Washington: Medical Cannabis Patients To Rally At State Capitol To Protect Safe Access
By Steve Elliott
Residents who use cannabis as medicine, angry about an amendment that was quietly slipped into the state Senate and House budget bills, will be gathering from all over the state of Washington in Olympia at the Capitol Campus Wednesday, June 19. They say the rally is to "save medical cannabis in Washington."
The patients are upset about an amendment that would put the control of their medical fate in the hands of the state Liquor Control Board. This amendment could fundamentally change every section of the state's current medical cannabis laws, according to patient advocates.
These regulations would include limits on age, the amount of medication a patient could have, which conditions would qualify, where they could get their medication and who could actually grow it.
The Liquor Control Board has already stated publicly that they believe that the tax-free status of cannabis as a medication would be a ‘threat’ to the LCB’s projected revenue stream from recreational marijuana sales. Current state law does not tax medications that require a health care provider's signature. This law could single out cannabis as the only medication in the state targeted for taxation.
“I have a brain tumor and they’re going to decide how much medicine I need and then they’re going to tax it," said Ken Martin, a medical marijuana patient from Seattle. "I don’t pay tax on any of my other medications. This is nothing more than greed on the part of the LCB and the state Legislature.”
"Rick Garza, the director of the WSLCB, testified at a House hearing that more than '90 percent of the medical cannabis patients are fakers and have no qualifying medical condition.' Patients were furious when they read his totally unfounded statement.," said John Novak of the Cannabis Defense Coalition. "Do we really want the state agency that is denigrating patients to be put in charge of regulating patient’s medication?"
"No other medication is regulated and controlled by the Liquor Control Board," said Steve Sarich of the Cannabis Action Coalition. "The LCB members are totally unqualified to determine what is, or isn’t, in the best medical interest of cannabis patients. If any of these legislators found out tomorrow that their mother had cancer, would any of them want to call the Liquor Control Board to help decide on the best treatment options for their loved one?"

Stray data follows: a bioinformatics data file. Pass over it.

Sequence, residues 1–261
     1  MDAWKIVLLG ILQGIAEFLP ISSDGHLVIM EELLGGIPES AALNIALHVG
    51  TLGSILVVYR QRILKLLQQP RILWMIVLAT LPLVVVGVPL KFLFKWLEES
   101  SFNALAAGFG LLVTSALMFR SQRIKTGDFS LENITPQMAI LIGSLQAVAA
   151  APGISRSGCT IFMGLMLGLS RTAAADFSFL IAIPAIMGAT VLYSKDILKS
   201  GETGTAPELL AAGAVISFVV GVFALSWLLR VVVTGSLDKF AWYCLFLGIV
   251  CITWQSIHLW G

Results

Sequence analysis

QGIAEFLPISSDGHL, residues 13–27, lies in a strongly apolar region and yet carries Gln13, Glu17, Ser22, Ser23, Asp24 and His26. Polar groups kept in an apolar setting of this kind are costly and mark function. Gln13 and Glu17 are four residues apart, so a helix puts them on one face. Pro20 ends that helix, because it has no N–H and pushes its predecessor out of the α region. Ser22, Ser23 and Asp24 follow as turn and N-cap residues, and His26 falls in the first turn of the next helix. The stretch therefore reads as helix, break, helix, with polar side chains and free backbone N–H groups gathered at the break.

The most recent sign of trouble comes from the announcement by the LCB that cannabis cannot be considered medicine in the new pot stores.
Under the new rules being developed by the LCB it will be against the law to make any advertising claim that marijuana has any “curative or therapeutic value.”
"They tried telling us back in 1993 that there was no medical value, even after clear evidence from both patients and doctors. In 1998, the voters finally decided that marijuana was medicine in Washington State. Now the Liquor Control Board has decided that it’s against the law to say that marijuana is medicine? What right do they have to do that?” said Joanna McKee, board member of the Cannabis Defense Coalition and the founder of the Green Cross.
"Now that we are halfway through the process of legalizing this valuable plant, they want to change the game and go back to saying there's no medical value so they can feel better about taxing patients." McKee stated.
Another recent Liquor Board move that caught the attention of patients was the banning of the sales of “concentrates”.
“Many severely ill patients, including those fighting cancer, depend on concentrates like Rick Simpson Oil to stay alive," said Stephanie Viskovich, director of the Cannabis Action Coalition. "Denying these patients medicine is cruel and immoral, especially in our state.”
“I know that patients and their providers would welcome common sense regulations," Sarich said. "We’re simply asking legislators to work with us in developing these regulations, rather than turning over decisions that impact our medical care to the state’s liquor distributor. I think this is a reasonable request and we hope the Legislature is listening.”
The rally will begin at noon on Wednesday, June 19, at the Capitol Campus in Olympia.